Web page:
Dr. Hall's refusal of the See of Gloucester. His promotion to

that of Exeter. Misunderstood in his writings against the

church of Rome. Vindication of himself. His episcopal

function attacked. His advice to his clergy. Recommends

catechizing. Spent much of his life in that exercise.

K. James's opinion of catechizing. Bishop Hall suspected

of favouring Popery and Puritanism. Lectures set up in

market-towns suppressed. Breach between the King and

Puritans widening. Factious clergy in the diocese of

Exeter. Most of them restored to order. Bishop Hall

accused of encouraging lectures. His troubles on this

account. He, and others of his brethrem, charged with

giving advantage to the disaffected. Laud promoting the

second edition of the Book of Sports. A copy of it. The

ill effects of it. The hardship of imposing its publication

on the clergy. Many refused publishing it. Sufferings of

the clergy on this account. Remarks on the character of

Charles I. Persons in authority should promote the obser-

vance of the sabbath. The object of publishing the book

of sports. Bishop Hall did not encourage its publica-

tion. No mention of it in his works. Controversy

about the morality of the sabbath revived. The long

parliament insisted on the strict observance of the sabbath.

The Book of Sports burnt. Archbishop Laud leaning to

Popery. Communion tables ordered to be placed altaruise.

The consequent disputes and troubles. Prynne's sentence

for writing his Histriomastiae. Bastwick and Burton sen-

tenced for their writings. Dr. Williams, Bishop of Lincoln,

imprisoned. Osbaldestom severely treated, . . p.112-151.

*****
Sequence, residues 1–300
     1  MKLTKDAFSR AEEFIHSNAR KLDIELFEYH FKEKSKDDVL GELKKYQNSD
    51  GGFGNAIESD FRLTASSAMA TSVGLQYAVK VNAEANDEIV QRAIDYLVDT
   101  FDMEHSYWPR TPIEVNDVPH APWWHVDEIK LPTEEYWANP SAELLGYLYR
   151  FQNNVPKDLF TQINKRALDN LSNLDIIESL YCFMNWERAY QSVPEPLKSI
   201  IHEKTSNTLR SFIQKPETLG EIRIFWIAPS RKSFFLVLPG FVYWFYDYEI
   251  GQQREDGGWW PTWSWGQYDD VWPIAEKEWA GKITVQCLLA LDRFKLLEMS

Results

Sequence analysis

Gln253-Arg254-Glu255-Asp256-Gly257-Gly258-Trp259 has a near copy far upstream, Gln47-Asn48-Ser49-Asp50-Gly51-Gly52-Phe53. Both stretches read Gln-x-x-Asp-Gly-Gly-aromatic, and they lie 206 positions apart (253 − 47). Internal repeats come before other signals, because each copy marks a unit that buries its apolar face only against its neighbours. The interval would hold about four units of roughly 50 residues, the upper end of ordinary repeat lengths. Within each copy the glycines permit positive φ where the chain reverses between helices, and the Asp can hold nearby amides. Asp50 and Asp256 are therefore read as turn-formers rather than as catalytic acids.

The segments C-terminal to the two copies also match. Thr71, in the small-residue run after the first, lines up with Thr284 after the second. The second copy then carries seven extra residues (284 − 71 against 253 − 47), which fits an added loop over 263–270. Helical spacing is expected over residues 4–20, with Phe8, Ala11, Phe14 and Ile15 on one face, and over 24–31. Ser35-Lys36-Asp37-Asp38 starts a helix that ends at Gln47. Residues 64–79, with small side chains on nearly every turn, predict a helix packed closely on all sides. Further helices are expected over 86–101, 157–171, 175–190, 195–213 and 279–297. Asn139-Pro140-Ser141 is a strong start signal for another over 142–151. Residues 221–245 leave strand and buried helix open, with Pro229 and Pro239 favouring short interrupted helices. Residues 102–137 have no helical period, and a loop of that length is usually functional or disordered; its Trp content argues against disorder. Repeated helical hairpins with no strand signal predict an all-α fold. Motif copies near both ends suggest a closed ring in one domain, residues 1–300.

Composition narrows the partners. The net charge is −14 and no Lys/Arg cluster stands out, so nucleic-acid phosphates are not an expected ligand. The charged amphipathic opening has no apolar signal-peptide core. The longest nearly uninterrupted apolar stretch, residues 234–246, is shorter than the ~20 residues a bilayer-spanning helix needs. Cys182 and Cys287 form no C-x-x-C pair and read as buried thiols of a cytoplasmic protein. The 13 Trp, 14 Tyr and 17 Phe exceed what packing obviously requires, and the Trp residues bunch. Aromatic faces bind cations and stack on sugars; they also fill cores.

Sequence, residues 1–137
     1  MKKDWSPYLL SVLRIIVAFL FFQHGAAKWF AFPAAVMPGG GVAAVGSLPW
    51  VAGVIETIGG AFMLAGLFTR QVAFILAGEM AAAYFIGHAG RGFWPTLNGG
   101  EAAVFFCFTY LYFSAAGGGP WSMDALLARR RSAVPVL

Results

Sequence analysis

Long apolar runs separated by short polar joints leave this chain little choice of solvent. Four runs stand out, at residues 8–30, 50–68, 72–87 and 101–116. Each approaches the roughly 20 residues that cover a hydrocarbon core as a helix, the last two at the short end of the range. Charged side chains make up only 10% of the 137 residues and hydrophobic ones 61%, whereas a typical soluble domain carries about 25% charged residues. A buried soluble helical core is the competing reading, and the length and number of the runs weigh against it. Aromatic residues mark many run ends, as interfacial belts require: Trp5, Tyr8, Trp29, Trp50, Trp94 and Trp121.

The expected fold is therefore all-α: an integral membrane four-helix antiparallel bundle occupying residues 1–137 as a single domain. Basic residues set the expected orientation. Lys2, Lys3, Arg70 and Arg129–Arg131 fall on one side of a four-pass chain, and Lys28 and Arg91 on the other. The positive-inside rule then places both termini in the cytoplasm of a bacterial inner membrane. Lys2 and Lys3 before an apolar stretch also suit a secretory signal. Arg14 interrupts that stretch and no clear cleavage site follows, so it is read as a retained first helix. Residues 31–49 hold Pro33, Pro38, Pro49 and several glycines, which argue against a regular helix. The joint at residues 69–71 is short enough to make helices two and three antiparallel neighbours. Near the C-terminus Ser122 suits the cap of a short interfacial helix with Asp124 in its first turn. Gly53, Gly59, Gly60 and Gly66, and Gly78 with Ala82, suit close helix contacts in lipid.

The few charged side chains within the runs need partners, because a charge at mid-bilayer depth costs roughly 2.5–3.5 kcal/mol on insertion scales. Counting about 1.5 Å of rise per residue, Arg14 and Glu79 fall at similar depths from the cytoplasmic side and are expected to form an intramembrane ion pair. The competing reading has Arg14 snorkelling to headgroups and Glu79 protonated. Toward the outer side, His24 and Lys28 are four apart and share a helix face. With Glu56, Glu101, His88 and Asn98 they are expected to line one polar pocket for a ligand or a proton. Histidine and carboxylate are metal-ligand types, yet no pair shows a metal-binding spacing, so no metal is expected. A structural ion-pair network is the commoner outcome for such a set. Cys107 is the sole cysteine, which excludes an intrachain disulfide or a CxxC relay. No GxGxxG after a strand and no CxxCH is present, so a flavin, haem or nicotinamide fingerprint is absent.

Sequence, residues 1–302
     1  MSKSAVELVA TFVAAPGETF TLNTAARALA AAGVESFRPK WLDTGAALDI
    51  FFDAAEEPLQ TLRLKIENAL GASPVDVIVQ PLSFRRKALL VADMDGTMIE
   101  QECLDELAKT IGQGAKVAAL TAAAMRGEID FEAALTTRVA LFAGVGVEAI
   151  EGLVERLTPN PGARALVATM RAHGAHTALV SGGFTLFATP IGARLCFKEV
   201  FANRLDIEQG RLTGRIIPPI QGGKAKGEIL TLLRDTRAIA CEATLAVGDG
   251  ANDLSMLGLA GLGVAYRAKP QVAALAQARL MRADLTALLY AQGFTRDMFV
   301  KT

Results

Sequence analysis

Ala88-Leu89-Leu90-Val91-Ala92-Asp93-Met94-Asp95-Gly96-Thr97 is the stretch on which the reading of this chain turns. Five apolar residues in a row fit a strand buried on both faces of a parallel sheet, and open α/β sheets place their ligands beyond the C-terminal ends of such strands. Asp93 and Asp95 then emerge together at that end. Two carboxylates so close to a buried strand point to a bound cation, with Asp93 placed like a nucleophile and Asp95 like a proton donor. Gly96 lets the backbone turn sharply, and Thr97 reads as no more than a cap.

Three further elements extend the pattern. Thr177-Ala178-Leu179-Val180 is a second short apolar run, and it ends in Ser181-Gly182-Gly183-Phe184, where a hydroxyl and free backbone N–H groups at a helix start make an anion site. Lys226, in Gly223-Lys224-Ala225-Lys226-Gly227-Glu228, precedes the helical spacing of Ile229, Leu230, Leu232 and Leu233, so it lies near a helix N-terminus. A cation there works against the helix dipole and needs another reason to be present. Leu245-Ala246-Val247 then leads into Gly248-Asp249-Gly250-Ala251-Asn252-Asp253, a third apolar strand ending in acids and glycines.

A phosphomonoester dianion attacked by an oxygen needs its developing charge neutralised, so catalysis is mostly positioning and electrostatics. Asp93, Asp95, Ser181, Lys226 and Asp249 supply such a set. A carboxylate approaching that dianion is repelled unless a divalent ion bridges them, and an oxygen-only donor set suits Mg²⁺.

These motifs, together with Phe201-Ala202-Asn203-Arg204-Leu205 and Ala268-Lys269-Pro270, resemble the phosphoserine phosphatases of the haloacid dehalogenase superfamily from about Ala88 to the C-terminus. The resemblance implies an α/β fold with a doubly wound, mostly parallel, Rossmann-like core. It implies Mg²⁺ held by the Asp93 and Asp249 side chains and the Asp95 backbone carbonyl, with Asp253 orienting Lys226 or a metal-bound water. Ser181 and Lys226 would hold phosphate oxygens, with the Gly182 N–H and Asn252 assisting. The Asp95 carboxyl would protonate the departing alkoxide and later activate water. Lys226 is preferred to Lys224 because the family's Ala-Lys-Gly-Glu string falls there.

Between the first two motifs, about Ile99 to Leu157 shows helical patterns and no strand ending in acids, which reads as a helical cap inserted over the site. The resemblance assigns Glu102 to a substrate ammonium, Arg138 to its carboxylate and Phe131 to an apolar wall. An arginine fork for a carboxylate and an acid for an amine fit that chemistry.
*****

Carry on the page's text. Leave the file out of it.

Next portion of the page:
Scottish Bishops nominal. Attempts of establishing episco-
pacy in Scotland unsuccessful. Bishop Hall undertaking
to write in defence of “ the Divine Right of Episcopacy."
Sketch of the work sent to Archbishop Laud. His Grace's

Long parliament. Committees appointed. Petitions for

redress of grievances. Complaints against the canons and
their compilers. Resolutions of the house. More anger
and prejudice than law and reason. Charges against
Archbishop Laud,---he is impeached of high treason, and
committed to the Tower. Convocation dwindled away.
Mr. Warmistre's motion against the late canons. Bishop
Williams released--resumes his seat in parliament---is trans-
lated to York. Prynne, Bastwick, and Burton remanded.
Evil designs against the church. Leighton and Osbaldeston
set at liberty. Dr. Cosins's sufferings. Petition against
Dr. Matt. Wren---he is voted unfit to hold ecclesiastical
preferments---is imprisoned. His sufferings. Complaints
against the bishops. Clamours against the clergy. Lit-
urgy railed at. Petitions against the clergy. Unfair ways
of getting up these petitions. Outrageous spirit of the
populace. Communion rails pulled down. Surplice torn.
Liturgy abused, Sentence of parliament against these riots.
Factious preachers and lecturers. Commissioners to
demolish all ornaments, &c. in churches. St. Paul's cross,
and that in Cheapside, pulled down. Arbitrary power of the